Investors might be surprised to learn that they have a lot riding on something that they pay very little attention to: macro-prudential regulation, or what central banks and other government agencies do to reduce the risk of systemic financial disasters.
The aim of such regulation is to lower both the probability and potential costs of financial accidents. It does so by enhancing the resilience of the system, establishing circuit breakers to prevent problems in one area from contaminating others and, at the extreme, containing the detrimental impact on the broader economy when failures occur.
Macro-prudential regulation has been significantly enhanced in the aftermath of the global financial crisis. Authorities around the world have imposed higher and more intelligent capital requirements, required financial institutions to value their assets more conservatively and to hold more easy-to-sell assets, placed constraints on allowable risk-taking, insisted on more stable funding, and demanded greater provisions against bad loans.
The impact of the revamped regulation has gone far beyond the targeted banks and other financial companies. It has allowed central banks to be bolder in maintaining and evolving exceptional monetary and credit stimulus, which in turn has significantly bolstered the prices of stocks, bonds and other assets as a means of stimulating the economy.
The more confident central bankers are in their macro-prudential approach, the greater their willingness to persist with stimulus policies today that could involve a bigger risk of financial instability down the road -- a trade-off that has been noted recently by Minneapolis Fed President Narayana Kocherlakota, Boston Fed President Eric Rosengren and former Fed Governor Jeremy Stein.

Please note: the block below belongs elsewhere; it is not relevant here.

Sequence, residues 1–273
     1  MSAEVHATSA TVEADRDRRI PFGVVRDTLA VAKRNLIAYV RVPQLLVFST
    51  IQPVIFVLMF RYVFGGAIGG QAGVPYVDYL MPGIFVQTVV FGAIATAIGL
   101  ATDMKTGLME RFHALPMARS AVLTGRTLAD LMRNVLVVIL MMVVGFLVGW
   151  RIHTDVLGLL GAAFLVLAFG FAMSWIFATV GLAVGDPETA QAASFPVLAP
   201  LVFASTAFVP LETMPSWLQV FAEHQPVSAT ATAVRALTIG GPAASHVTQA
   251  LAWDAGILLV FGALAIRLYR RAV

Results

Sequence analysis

Essentially, the Fed has been pushing stock and bond prices up to "bubblish" levels, in the expectation that they will inspire the kind of consumer spending, physical investments and hiring required to subsequently justify them. The hope is that the convergence will occur in the context of full employment and inflation near the Federal Reserve's target of 2 percent. So far, though, the wedge between asset prices and economic reality remains large, as last week's juxtaposition of new stock-market highs and still-anemic wage-inflation data demonstrated.
The danger is that the economic recovery will ultimately fail to validate artificially high asset prices, leading to significant financial instability and adverse "spillback" for the economy. The more comfortable the authorities are in their ability to counter -- and, if necessary, contain -- such potential instability, the greater their appetite for maintaining the stimulus that markets so love.
The key question is whether the recent strengthening in macro-prudential regulation is sufficient to warrant the risks that the Fed is taking with respect to future financial instability.
Given the number of moving pieces in the global economy, I suspect that few are in a position to answer this question with sufficient precision and conviction. After all, the regulatory framework is still evolving, bank behavior has yet to adapt fully, some institutions remain too large to fail and manage, and some activities are migrating outside the direct purview of supervisors and regulators.
Macro-prudential progress, while notable, has fallen short of what national authorities initially envisaged, and international coordination has fallen short of what is needed to make it all work globally. Investors would be well advised to take this into consideration in making their Fed-driven trades, especially if they involve positions that will be difficult to sell or unwind in more volatile markets.